and The Examiner -of this morning contain a list of every 25th check turned in to the office. The great number
of these checks prevents the publication of the entire list in this paper, so approximately one-third Is published
in The Examiner and one-third in The Times and Express of last night. On these lists the first number is the
number of the department in which the sale was made, the next number is the number of the clerk making
out the check, the next the serial number and letter of the sales check, which appears at the bottom of the
check, all under date of October 2. If any of the duplicate checks you hold correspond in all these particulars,
bring them In and have them refunded. See Times for additional lists. If your check Is not here it possibly Is
printed In the other lists. The Fifth Street Store redeems its promises to the letter. THK CONSOLATION
VALUES FRIDAY FOR THOSE NOT FORTUNATE ENOUGH TO HOLD THESE WINNING CHECKS. A
SERIES OF PHENOMENAL BARGAINS ARRANGED FOR THOSE WHO^FAVORED US WITH THEIR
PATRONAGE MONDAY. BUT WHOSE CHECKS DO NOT APPEAR IN ANY OF THE LISTS. MAGNIFI-
CENT TRADING OPPORTUNITIES IN ALL DEPARTMENTS TO BE SHARED ALIKE BY ALL.
COME FRIDAY BY ALL MEANS. IF YOU DO NOT CARRY HOME A REFUND YOU WILL AT LEAST
SAVE MONEY ON SOME MUCH WANTED MERCHANDISE. ,
Especially comprehensive assortment of shoes for both men and women, made from all the practical leathers In
both high and low cuts; stylishly shaped; hand-turned and hand-welted soles; good variety of toes and heels;
not an old shoe in the lot. See them in tire show window for today's selling. Buy them in the basement today
at $1.45; actual values up to $3.50. .
Friday Consolation Bargains In Dress Goods Satisfactory Corsets 39c Extra Values in Hosiery and Underwear
$1.50 Black Peau de Sole $1.19 Second Floor " 15c Fast Black Hose 10c
Full 36 inches wide: a,ll silk, splendid Big assortment of new Children's fast black cotton hose.; fine
weight and luster; worth $1.50. On sale corsets, in correct form rib; double heels, soles, triple knees; reg-
today, $1.19. models; high and low "«ar 150 values. On sale today. 10c.
Illuminated Mohairs 45c bust, long and short Children's 15c Knit Waists 10c
In solid colors; also fancy checks and _, ' )th (our llose -Ecru color. In all sizes; suitable for boys
broken effects; dressy, desirable goods; v or girls; regularly worth 15c. On sale
worth fully a third more.. Today, spe- BU fP° r n te " ,i r °^,,, t^ today> lOc>
. , .. slap; made in drill ana __, , _ - _ . . -- .<_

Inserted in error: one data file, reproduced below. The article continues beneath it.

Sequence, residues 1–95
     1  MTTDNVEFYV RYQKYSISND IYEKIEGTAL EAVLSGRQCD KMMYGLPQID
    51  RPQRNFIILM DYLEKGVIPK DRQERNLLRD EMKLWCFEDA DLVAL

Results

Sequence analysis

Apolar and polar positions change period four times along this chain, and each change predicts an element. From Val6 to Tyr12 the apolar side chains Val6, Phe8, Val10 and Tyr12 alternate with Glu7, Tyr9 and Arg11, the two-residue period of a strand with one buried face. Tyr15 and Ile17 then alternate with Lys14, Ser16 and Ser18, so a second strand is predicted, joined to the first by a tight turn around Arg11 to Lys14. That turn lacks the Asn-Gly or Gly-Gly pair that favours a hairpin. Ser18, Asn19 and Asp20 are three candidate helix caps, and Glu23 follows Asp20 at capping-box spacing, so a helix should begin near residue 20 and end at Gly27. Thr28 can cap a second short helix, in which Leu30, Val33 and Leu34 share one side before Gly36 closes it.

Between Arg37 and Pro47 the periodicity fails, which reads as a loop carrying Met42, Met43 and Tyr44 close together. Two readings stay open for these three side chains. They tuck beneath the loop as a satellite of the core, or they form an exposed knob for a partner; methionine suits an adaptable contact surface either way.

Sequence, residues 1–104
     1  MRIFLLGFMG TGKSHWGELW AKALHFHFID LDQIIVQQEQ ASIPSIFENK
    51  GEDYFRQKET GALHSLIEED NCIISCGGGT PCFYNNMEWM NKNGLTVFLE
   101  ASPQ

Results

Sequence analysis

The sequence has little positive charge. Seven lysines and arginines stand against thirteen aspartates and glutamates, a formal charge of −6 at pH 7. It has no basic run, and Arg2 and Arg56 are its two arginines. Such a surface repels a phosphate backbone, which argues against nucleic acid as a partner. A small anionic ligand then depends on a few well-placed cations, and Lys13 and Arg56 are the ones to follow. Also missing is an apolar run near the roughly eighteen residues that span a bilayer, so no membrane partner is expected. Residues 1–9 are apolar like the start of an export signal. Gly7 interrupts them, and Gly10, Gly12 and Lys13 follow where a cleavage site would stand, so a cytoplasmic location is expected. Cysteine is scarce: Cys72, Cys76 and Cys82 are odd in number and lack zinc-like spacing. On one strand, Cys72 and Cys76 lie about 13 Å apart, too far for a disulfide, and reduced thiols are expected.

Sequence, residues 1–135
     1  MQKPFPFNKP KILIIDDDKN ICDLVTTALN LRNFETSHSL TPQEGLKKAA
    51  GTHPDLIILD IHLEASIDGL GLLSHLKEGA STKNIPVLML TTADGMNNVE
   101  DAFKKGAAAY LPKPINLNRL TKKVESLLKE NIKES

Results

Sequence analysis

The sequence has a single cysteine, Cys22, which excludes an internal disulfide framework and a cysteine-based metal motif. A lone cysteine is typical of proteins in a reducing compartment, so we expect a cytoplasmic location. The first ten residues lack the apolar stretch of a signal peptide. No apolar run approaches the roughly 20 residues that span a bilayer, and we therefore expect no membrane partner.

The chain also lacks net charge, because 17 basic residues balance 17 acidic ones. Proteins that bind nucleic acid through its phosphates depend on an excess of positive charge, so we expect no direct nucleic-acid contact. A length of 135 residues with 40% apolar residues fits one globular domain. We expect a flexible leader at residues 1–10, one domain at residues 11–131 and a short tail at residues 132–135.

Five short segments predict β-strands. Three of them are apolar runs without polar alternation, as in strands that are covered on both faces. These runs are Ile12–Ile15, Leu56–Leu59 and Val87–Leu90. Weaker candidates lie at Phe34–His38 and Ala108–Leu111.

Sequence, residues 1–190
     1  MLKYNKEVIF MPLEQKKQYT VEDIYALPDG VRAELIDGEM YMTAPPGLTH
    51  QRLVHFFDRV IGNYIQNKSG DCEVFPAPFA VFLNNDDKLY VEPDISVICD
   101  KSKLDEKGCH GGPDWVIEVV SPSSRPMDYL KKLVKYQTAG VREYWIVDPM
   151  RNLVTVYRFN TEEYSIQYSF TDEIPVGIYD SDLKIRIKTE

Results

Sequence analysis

clal, 45c. batiste; well boned: Women's 25c Lisle Hose 17c
20c Glass Cloth 9c colors white, pink and Made from, good yarn, in allover lace
Mill remnants, In desirable lengths in blue; not a Job lot of patterns, clear to tho toes; extra spliced
this popular fabric; all colors; regularly broken sizes, but a full heels and toes; regularly worth 25c. On.
worth 15c and 20c. On sale today, the assortment of all sizes. sale today, 17c. ••..;■
yard, 9c. On sale today. 39c. soco c Women's Tights 29c
■ ■ '" '"' ' ' " ' ' Pure white lisle thread tights:
" Something Doing" on the Second Floor Friday *' iec g e t a 1 u ! 1^ a t y '; 1 S m . ed: sOc val "
Each and every item represented Children's 69c Dresses 49c "Z^~~~^~~"**"~"^~"~^~^~~
hern particularly good values. I •W^-^*zr-*^Tit.*T^-r-VT-*r. : 7*~
. ..r ,j.<• i. no Marie of good quality chamhray, in /^lVflregj^tf?*. I^UffcimKC *^9)itJsq
Women's $7.50 Shirt Waist Suits J3.W tnn nl)d b]ue . Russ i an blouse style; [-fit JpgSS'SS AJ^fe2g TT^H?
25 or 30 shirt waist suits, in cash- collar, cuffs and bolt of white \^!U?T«jp^T^ • ' "•^s??F^- : \^S i jBE'- i
mere and henrlettn, in cream, cham- pique with medallion shoulder; Ytr\ ~*jssSlfe>, ■ c *r^fis^
pagne, navy and black; several dresses that are worth 69c. On > ' ""^ ffrtrimfim ,> -rl»r?
good makes to select from: stylish- sale today, each, 49c. SAJUPI F HATS POP PRIFIAV
lv made and worth UP to $7.50. On OrtmrLU llrtlO FUR. rRIUftl
B al™ today? *3 98. Women's JI.2S Muslin Gowns 75c Millinery Section
Grass Linen Waists 49c Made from good muslins, In ex- Sample line of ready-to-wear and
braaSLinen vaisis*^ styles" many of them sam- stree t h , ats : nobby, and
Linen in color only; full fronts, tucked yokes and yokes of practical styles; satisfactory and
plaited backs, up-to-date sleeves. ria | n tv laces nnd emhrnlderlM- val- serviceable material and colors: